UOG's Land Grant Mission - Making an Impact
> Back to Publications
by Teresa del Valle
The purpose of this study is to investigate the importance of the Mariana Islands
to Spain at the beginning of the 19th century when the Spanish Empire had fallen into
decadence and had begun to suffer the loss of its overseas possessions. There is a
void in the 19th century literature of the Marianas, a period during which it has
been succinctly said the islands were ignored by Spain, yet writers have failed to
explain the reasons for the lack of attention or the conditions in the islands at
the time. This void is the focus of the study.
Teresa del Valle was born in Donostia, in northern Spain. She was awarded a Master
of Arts degree in History from Saint Louis University in 1969, and a Master of Arts
degree in Anthropology by the University of Hawaii in 1974. Later, she was a grantee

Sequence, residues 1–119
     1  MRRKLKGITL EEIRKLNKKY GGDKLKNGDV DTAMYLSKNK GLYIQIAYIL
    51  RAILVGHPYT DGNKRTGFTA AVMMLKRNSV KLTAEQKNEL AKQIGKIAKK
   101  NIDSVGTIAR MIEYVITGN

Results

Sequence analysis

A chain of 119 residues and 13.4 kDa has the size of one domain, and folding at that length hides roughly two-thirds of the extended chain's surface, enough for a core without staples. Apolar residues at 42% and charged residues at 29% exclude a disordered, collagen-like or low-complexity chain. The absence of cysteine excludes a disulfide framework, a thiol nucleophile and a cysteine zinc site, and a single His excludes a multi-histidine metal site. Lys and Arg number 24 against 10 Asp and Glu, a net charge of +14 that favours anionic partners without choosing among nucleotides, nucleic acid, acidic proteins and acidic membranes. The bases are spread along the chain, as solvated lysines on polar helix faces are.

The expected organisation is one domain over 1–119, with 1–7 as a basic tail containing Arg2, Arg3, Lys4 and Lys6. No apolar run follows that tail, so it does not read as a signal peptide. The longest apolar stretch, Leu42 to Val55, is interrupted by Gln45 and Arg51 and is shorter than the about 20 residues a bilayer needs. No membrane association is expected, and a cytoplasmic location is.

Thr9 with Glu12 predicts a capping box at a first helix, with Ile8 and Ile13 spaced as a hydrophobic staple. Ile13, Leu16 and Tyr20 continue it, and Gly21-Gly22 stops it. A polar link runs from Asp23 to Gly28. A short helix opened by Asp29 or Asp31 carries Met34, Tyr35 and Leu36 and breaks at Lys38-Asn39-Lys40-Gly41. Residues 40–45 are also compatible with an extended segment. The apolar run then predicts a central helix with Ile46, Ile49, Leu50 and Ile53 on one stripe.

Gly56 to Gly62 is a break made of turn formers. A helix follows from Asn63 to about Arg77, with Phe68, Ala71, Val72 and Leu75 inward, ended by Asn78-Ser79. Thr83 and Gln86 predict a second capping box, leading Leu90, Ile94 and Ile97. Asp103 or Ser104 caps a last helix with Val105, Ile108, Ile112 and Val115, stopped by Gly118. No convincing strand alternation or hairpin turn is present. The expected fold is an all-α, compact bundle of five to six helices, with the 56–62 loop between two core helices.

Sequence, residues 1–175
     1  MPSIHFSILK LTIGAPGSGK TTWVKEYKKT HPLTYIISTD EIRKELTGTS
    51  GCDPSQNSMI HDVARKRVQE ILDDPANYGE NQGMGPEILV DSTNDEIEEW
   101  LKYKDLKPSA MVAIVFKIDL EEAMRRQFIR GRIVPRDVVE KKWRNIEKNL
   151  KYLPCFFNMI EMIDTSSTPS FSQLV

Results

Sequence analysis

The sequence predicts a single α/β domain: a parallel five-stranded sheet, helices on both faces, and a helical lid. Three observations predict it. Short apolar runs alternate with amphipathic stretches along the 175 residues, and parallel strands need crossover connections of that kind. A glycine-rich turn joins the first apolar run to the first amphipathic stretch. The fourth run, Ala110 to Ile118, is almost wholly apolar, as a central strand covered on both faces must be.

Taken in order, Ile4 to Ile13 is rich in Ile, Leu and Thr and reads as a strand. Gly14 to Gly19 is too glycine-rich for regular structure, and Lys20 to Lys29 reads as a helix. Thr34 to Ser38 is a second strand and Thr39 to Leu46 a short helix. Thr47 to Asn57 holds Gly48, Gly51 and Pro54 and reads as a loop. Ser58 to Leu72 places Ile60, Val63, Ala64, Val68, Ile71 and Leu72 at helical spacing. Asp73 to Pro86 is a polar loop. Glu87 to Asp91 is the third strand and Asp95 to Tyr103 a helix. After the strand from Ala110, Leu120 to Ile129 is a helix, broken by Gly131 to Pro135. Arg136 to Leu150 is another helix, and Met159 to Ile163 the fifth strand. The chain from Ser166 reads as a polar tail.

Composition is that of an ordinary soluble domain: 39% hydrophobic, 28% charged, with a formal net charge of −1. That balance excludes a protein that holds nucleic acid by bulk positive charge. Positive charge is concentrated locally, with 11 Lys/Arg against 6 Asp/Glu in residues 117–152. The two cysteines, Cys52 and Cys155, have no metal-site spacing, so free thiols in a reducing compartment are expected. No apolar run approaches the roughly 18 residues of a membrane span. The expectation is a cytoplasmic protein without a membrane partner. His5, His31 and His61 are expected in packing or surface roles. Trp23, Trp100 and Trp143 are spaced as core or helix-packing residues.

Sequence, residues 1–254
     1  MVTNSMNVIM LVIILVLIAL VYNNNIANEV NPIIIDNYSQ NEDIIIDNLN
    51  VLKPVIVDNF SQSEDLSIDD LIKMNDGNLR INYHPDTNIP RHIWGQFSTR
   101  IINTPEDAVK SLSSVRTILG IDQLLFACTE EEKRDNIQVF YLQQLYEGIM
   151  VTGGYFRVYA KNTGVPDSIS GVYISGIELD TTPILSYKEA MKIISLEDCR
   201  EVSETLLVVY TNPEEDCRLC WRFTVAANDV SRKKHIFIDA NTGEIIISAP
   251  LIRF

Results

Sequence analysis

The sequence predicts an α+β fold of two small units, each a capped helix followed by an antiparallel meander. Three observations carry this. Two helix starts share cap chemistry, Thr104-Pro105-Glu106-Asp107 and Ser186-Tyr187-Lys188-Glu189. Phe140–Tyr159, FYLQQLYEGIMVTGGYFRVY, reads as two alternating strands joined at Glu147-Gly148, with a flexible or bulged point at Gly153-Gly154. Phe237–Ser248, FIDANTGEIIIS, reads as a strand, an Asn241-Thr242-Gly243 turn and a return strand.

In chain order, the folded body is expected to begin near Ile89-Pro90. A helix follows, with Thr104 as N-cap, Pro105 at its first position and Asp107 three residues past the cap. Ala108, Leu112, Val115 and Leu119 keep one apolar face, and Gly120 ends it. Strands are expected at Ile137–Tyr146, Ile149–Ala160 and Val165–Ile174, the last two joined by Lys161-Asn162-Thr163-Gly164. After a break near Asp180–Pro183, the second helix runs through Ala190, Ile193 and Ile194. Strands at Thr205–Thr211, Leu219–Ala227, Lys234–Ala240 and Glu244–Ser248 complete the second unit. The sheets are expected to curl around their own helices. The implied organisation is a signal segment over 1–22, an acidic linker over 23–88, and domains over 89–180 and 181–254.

at the East West Center and was awarded a Ph.D in Anthropology from the University
of Hawaii in 1978. Between 1968 and 1972, she taught in the History Department of
the University of Guam and also served as a member of the research faculty at MARC.
From 1975-1976, she conducted fieldwork on Guam in the village of Umatac, and in 1979,
MARC published her dissertation under the title, Social and Cultural Change in the
Village of Umatac, Southern Guam. Distributed by the Richard F. Taitano Micronesia
Area Research Center/ MARC Educational Series No. 11
No reviews at this time
Mangilao, Guam 96913
This institution is anequal
opportunity provider and employer.